These results extend previous findings by showing that most if not all MTs of interphase 3T3 cells are built with B-lattices, even though these MTs were formed in vivo, and thus in the presence of EB1 and other MT-associated proteins. If B-lattices are common in this cell type, it seems likely that most if not all cytoplasmic MTs will have similar lattices, and thus contain seams. This result is certainly consistent with the bulk of evidence about the structure of MTs formed in vitro and of axonemal MTs from cells (5,6); it argues against the hypothesis recently proposed that the interactions between tubulin and end-binding proteins might alter the minimum energy form of tubulin assembly in cells more generally (11).
If cytoplasmic MTs are built from 13 protofilaments arranged in a B-lattice, they are not helically symmetric. Their seam defines a line parallel to the MT axis where adjacent tubulins are arranged differently from all other tubulins on the MT surface, because the tubulins on either side of this seam meet their neighbors with the A-lattice configuration. As a result, they might be able to bind MT-associating proteins in a unique way. This tubulin arrangement has been proposed to explain the preference of EB1 for a single, paraxial line on MTs forming in vitro (10). The same logic may pertain for other MT-associating proteins, like motor enzymes. Motor heads can certainly bind tubulin dimers all over the MT surface, but the tails of some motors might have a preference for binding at a seam. This situation would endow motor-MT complexes with an important physiological property: they could walk over neighboring, parallel MTs. Cylindrically symmetric MTs cannot generate a net force on parallel neighbors, because whenever a given MT pushes down on one of its parallel neighbors, the second MT should (by symmetry) push down on it, leading to a net force of zero. Only when cylindrical MTs are antiparallel can they generate a net sliding force by pushing on each other (16). In cells there are parallel arrays of MTs that do generate sliding forces, allowing them to telescope apart (17); the presence of B-lattices in vivo rationalizes this otherwise puzzling observation.
If tubulin-EB1 complexes behaved in vivo as they do in vitro (11), one would have expected at least some cytoplasmic MT with an A-lattice, or perhaps many showing evidence a “mixed lattice” (part A and part B); our results, however, showed almost exclusively B-lattices. This observation suggests that factors other than the minimum energy association of neighboring proteins (e.g., tubulins, EB1, and perhaps other MT-associating proteins) control the geometry of tubulin polymerizing in vivo. This draws attention to the mode by which cytoplasmic MTs are initiated. Probably the gamma-tubulin ring complex defines the organization of the tubulin lattice that assembles upon it; if γ-tubulin binds the minus end of α-tubulin more strongly than the plus end of β, the seeds that initiate MTs in vivo will specify lattice geometry as well as MT polarity.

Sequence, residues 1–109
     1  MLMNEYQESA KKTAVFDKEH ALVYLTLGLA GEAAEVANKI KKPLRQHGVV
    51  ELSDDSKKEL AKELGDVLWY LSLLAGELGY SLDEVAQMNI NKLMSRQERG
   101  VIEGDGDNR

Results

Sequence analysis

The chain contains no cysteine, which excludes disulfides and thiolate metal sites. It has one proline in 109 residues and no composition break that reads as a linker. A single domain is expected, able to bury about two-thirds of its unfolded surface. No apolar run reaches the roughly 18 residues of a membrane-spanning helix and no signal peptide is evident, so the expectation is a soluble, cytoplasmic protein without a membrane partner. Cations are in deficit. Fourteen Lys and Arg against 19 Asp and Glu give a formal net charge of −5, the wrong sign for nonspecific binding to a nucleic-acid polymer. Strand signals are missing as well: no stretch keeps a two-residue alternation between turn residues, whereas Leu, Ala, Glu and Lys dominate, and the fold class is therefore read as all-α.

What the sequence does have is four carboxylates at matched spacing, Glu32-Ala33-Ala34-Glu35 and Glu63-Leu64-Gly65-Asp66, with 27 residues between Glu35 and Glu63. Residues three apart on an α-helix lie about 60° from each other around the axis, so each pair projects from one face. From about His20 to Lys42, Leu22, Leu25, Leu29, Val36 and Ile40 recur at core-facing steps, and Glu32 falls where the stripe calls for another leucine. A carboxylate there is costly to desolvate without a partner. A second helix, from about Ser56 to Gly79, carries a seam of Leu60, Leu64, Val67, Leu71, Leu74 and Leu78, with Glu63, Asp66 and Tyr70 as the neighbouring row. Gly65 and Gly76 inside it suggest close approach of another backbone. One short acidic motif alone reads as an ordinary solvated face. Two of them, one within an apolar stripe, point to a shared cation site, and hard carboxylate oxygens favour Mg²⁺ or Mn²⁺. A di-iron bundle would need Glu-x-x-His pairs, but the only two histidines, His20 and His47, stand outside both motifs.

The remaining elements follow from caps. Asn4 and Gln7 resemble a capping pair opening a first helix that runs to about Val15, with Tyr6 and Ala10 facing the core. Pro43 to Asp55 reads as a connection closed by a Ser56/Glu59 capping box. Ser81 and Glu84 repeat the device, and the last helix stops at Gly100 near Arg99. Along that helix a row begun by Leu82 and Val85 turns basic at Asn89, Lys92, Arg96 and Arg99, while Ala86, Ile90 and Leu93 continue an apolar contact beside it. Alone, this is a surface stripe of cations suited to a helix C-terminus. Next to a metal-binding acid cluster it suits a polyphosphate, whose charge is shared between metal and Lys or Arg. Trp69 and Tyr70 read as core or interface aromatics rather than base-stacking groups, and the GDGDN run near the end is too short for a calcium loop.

This work was supported in part by grants from the NIH to JRM (GM033787), AH (RR000592), and SPG (GM054141).
J. Richard McIntosh, Laboratory for 3D Structure of Cells and Molecules, Dept. of Molecular, Cellular, and Developmental Biology, University of Colorado, Boulder, CO 80309-0347.
Mary K. Morphew, Laboratory for 3D Structure of Cells and Molecules, Dept. of Molecular, Cellular, and Developmental Biology, University of Colorado, Boulder, CO 80309-0347.
Paula M. Grissom, Laboratory for 3D Structure of Cells and Molecules, Dept. of Molecular, Cellular, and Developmental Biology, University of Colorado, Boulder, CO 80309-0347.
Susan P. Gilbert, Dept of Biology, Rensselaer Polytechnic Institute, Troy, NY 12180.
Andreas Hoenger, Laboratory for 3D Structure of Cells and Molecules, Dept. of Molecular, Cellular, and Developmental Biology, University of Colorado, Boulder, CO 80309-0347.